Jim Cooper, 13th Floor Buddha, detail

SDA Book Club: “Craft: An American History” reviewed by Faith Hagenhofer

This month’s addition to the SDA Book Club is Craft: An American History by Glenn Adamson and reviewed by contributing author, Faith Hagenhofer!

Having just read a book that proposed Fibers as the window through which to view all progresses in Western Civilization, Craft: An American History, by Glenn Adamson, landed on my desk. In it I find a lens focusing craft materials and skills, and the resultant objects and their makers as perhaps THE central activity in the making of America. This single-country view doesn’t preclude the acts of empire–resource extraction, genocides, colonization and slavery practices–that have made Empire possible, but rather addresses these while thinking about the contexts of craft at specific moments and on this specific land. As such Craft: An American History is told chronologically.

Because this is a history of “America” as seen through a particular perspective it is fitting that the overarching name for that lens is CRAFT. This is because the boulevard view of activities Adamson is describing include activities we would associate with art as well as those we would associate with manufacture, even mass production. It would actually be both awkward and perhaps less engaging to say that this is a history of DESIGNING & MAKING, though the landscapes these encompass and their relationships with mind driven hands is exactly where reading Craft takes us.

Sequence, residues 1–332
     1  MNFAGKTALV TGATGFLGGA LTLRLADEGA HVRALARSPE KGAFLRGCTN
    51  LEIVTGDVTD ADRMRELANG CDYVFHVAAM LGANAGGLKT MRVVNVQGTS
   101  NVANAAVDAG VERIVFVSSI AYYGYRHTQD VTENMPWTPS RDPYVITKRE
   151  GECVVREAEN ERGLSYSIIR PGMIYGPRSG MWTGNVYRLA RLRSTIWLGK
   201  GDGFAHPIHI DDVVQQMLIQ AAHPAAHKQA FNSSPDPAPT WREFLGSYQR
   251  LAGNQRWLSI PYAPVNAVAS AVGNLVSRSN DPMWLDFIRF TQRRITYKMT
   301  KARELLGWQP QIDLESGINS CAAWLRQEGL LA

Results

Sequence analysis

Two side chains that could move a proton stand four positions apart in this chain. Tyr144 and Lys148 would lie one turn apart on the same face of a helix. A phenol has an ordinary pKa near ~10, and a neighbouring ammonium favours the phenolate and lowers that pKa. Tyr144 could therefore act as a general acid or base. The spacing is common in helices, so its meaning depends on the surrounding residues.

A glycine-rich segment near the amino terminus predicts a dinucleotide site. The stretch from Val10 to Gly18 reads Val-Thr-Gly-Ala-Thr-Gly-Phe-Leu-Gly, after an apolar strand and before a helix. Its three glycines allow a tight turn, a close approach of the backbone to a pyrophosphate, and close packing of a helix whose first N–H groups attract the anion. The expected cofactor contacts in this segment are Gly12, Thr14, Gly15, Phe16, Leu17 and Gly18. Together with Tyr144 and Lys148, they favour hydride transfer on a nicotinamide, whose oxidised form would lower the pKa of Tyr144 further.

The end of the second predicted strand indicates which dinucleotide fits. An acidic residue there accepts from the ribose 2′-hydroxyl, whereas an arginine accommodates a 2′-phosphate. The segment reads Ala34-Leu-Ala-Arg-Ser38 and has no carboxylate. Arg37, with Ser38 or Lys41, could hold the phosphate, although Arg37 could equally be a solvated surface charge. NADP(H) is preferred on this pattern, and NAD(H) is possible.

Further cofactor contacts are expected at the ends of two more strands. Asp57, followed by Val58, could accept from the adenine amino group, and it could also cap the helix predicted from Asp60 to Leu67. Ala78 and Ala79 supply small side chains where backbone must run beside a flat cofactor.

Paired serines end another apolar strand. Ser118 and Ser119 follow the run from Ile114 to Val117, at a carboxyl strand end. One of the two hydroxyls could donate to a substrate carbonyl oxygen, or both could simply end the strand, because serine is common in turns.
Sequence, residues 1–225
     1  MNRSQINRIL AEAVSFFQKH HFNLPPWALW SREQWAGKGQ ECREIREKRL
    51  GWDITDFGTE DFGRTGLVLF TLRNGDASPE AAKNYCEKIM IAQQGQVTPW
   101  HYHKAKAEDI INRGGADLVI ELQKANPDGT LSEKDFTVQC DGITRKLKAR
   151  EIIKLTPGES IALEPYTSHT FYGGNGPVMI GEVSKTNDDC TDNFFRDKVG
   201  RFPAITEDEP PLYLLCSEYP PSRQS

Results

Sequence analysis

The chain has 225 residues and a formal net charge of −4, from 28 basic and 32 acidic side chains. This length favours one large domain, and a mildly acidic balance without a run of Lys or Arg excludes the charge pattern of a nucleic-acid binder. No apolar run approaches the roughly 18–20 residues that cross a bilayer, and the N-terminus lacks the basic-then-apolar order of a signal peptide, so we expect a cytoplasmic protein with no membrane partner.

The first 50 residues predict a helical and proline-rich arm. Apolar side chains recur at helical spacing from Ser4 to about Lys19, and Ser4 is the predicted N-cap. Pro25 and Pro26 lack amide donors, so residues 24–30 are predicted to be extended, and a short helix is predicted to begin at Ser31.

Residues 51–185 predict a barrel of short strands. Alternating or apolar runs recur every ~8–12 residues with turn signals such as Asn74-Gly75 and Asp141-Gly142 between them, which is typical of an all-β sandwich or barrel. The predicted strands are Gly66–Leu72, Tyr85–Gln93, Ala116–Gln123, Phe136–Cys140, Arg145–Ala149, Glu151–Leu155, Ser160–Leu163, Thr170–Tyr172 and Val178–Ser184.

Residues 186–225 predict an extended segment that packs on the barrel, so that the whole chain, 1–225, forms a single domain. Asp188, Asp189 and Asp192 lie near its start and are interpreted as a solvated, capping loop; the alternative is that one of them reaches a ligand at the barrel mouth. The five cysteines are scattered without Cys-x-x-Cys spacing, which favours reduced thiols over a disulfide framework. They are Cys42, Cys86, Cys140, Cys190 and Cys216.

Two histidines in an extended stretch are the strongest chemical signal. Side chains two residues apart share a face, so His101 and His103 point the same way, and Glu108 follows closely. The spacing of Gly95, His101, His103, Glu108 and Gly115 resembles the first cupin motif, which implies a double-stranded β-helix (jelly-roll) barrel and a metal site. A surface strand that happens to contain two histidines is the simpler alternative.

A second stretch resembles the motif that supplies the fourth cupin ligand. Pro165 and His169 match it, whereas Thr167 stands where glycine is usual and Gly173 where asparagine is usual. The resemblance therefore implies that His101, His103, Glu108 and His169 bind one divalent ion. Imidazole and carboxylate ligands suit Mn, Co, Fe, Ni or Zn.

Many skills and most of the craft-associated materials are included in this book, with none privileged–ceramics, wood, fiber, metal, glass, and others–except where the maker is singled out. This is what I especially appreciate–the many long and short portraits of the makers themselves, the biographical depictions of makers acting collectively, the inclusion of places and ways where knowledge of skilled work has been passed on, and the generous and grateful nods to labor all along the historical road. Adamson also doesn’t shy from addressing fraught places of racial, gender, opportunity, and economic inequity in US history, the effect on individuals and groups of makers, and the subsequent loss to craft in general. You will find this book to be superbly researched and well footnoted too, which is where I go when my interests are piqued. But, since, as Joe Strummer of the Clash says, “the future is unwritten”, do read through the last chapter, aptly titled “Can Craft Save America?”.

Faith Hagenhoferis a fiber artist, shepherd, retired librarian, and has been involved with Surface Design Association for more than a dozen years. She serves as the South Puget Sound (Washington, US) SDA contact.

  • Publisher: Bloomsbury (buy it here)
  • Date: January 2021
  • ISBN: 9781635574586

If you’ve read this book, leave a comment and let us know what you think!

Do you have a recommendation for a recent fiber-related book you think should be included in SDA’s Book Club? Email SDA’s Managing Editor, Lauren Sinner, to let her know!

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